Defeated

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"I am sorry, Faida," Kor'ik sighed as they stepped outside.

"Then make him see that this is not possible," she hissed, speaking of his father. "Kai'la and I are Claimed. Neither of us is willing to risk the wrath of our Goddesses to marry a man who was our enemy a short time ago. You know he does not view this as recompense. Your father must demand something else from him. We need not appease a would-be tyrant."

"Calm yourself, Cousin. We will find a way to settle the matter. As we always do."

Following his advice, Faida closed her eyes, took a deep breath and released it. "Yes, we will." Instead of returning to her dwelling with her father, Faida followed Kor'ik and Alinah to theirs. Together, the three of them sat around the hearth and tried to come up with an alternate solution. When they had finished, Kor'ik promised to take the thoughts to his father in the morning. Satisfied, Faida made her way towards her own dwelling.

Her father was waiting for her. When she approached, he rose to his feet and waited for her reaction. He did not have to wait long.

"Zekiir wants me. That, we know. But you cannot ask me to do this, and Kai'la would never forsake the Claim."

"Can you think of another solution?" he asked.

"Yes. Tell Zekiir to stand aside and let another become chief of the Seriks."

He shook his head. "We cannot demand that of him."

"But you can demand this of me? It is the same thing, Father. You are asking me to abandon my sacred charge to marry a man who feels no remorse for his actions. A man who plotted for this. Can you stand there and ask that I forsake my Claim for nothing?"

"For nothing?" he asked, his voice sounding stunned. "Do you call the unity of our people nothing?"

"Do not," she hissed. "Do not pretend that this is the only way. That this is the one grand task that I have been assigned. I have done more than anyone to bring this about. I am the reason we have peace in Parnon, and I have every wound and nightmare to remind me of that fact. This is asking for more than I can give. I will not forsake my Goddess to bear that eel's offspring."

It had been so long since last she cried, Faida almost didn't realize why her face was wet. They were not tears of pain, but a mark of her rage. She was burning from it; the bloodlust coursed through her, begging that she take Zekiir's life. If she killed him, it would all be over.

Her father's face became forbidding. "Yes, you have done much in the way of bringing peace to Parnon. You have done more for the service of your Goddess who unleashed her greatest warriors upon our enemies. We all respect you for your services and skills, Faida, but do not let Kor'ik's praise skew your reality. Many people worked together to force Chief Zekiir to consider peace. While you were a part of that, you were not the reason we have it."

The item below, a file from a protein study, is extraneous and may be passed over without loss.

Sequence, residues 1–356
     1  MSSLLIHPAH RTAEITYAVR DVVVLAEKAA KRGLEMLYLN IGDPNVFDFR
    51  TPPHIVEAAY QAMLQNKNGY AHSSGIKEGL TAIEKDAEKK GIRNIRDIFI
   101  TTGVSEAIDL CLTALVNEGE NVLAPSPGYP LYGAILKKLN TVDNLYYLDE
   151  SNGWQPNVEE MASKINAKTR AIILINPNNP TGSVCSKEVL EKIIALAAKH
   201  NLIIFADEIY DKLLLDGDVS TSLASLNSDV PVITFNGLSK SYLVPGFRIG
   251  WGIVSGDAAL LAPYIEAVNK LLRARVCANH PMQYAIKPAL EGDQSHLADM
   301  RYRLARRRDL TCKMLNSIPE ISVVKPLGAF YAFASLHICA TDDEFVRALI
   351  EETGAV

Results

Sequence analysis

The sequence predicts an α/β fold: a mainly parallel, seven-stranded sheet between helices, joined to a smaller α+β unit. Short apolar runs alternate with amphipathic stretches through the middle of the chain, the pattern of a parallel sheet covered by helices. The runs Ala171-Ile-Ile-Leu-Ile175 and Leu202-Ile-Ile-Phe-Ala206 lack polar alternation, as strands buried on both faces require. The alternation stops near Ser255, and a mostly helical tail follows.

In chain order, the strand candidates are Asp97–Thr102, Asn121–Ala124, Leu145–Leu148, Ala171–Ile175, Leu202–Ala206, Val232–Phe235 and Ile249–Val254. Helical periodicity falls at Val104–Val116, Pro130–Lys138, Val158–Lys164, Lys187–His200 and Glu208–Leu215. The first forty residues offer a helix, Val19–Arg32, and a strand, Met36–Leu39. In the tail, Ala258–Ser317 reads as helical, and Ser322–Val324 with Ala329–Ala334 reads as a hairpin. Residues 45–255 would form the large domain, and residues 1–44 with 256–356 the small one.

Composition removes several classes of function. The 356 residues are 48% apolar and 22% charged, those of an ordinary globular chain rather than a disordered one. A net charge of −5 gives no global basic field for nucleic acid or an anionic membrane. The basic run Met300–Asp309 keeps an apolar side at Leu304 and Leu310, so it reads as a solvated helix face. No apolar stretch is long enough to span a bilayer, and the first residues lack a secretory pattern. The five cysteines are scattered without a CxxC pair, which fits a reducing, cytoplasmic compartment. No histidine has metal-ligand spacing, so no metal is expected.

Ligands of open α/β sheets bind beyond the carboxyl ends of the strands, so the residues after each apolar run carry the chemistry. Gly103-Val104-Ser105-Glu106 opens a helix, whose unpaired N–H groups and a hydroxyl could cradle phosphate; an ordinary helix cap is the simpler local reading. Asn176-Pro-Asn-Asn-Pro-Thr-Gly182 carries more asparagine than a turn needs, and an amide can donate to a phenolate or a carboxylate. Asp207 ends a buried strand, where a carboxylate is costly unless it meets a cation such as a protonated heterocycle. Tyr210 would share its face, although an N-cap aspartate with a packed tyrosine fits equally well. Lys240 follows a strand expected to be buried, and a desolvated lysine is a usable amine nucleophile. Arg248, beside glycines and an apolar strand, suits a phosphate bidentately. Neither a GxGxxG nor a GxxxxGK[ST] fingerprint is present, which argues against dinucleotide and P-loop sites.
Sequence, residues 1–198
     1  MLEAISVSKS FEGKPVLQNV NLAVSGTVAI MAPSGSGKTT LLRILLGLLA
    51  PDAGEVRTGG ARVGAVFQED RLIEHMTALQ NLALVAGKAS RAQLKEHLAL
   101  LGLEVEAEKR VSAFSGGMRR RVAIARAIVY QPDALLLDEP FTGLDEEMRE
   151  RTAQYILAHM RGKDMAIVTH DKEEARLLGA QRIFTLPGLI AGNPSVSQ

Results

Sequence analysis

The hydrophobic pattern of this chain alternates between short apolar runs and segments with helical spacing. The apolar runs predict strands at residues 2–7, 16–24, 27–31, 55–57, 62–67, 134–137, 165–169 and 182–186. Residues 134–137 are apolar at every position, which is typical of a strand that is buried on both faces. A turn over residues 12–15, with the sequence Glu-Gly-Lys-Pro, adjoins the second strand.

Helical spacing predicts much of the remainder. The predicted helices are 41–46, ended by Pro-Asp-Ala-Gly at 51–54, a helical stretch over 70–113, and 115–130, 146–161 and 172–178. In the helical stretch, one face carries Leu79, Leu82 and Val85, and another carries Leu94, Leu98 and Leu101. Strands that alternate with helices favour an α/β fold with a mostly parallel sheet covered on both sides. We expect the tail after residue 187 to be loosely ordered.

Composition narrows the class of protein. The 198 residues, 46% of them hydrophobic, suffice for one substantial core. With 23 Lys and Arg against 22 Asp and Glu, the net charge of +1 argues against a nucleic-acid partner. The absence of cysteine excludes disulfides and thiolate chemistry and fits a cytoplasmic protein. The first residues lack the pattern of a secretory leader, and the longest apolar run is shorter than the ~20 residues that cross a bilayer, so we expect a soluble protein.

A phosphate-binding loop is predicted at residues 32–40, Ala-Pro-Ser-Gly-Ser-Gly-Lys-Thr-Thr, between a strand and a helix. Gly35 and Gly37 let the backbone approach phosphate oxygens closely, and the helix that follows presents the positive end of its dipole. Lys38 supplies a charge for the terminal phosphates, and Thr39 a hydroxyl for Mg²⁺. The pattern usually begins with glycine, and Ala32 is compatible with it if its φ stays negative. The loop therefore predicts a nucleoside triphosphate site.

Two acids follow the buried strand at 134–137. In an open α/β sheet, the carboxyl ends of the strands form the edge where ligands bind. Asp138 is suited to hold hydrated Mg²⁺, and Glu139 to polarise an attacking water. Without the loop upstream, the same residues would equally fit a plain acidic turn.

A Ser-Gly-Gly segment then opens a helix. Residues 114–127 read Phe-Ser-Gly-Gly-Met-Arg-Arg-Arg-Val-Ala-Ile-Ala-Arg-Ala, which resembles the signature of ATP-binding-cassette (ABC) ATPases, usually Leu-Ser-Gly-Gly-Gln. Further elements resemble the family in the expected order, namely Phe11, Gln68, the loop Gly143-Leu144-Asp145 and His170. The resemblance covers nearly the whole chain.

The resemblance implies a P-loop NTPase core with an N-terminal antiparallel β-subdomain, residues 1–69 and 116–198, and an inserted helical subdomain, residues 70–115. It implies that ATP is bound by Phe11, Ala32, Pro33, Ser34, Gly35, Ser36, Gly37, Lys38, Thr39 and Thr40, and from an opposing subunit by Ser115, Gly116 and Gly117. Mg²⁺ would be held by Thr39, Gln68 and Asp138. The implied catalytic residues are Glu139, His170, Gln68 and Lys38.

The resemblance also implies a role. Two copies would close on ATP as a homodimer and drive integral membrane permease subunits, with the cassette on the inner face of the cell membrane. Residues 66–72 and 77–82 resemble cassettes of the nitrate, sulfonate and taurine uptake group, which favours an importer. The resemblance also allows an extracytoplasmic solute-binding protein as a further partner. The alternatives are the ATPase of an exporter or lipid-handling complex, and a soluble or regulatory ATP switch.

"Aren't I? Do you not know what I am to him? Do you not realize that he asked us to the Isle of Death because that was where I defeated him? Don't you see that he wanted the warriors there because he knew I would be amongst them? He wanted to know which tribe I called my own. More than anything, that was why we were there, Father. It was never about the chiefs or a call for unity. I made that happen. I forced his hand. And I am what he wants. He's lost so much to me, Father, that all he wants now is the woman who defeated him. I will not become his wife so that he may say he defeated me."

"Is that what marriage is to you? Do you believe one spouse has gained conquest over the other?"

Faida shook her head, thinking of her parents' easy partnership and the gentle promise in Kor'ik and Alinah's union. "No, but that is what a marriage between him and I would be."

At last, her father shook his head, his features becoming sad. Without looking at her, he said, "When you and your sister were infants, I could not imagine your futures. You were both so small and frail. Even then you combated against one another constantly. When you both made it to your naming ceremony, your mother and I both cried tears of joy and relief. For a brief time, I imagined what it would be like to have my daughters married. And I could think of no one worthy of you, even then. After your naming ceremony, I was relieved that I would not ever have to think of it, for the Gods found you worthy only of them."

Faida felt her spine straighten as she waited for what would come next.

A moment later, he sighed, "Perhaps it was never a question of who, but why. If this is what is being asked of you, Faida, you must ask yourself why it has come to this. You must ask yourself if what you have been working towards is worth being finished by your hand. Perhaps the unity of Parnon is your sacred charge, and perhaps this is how you ensure it."

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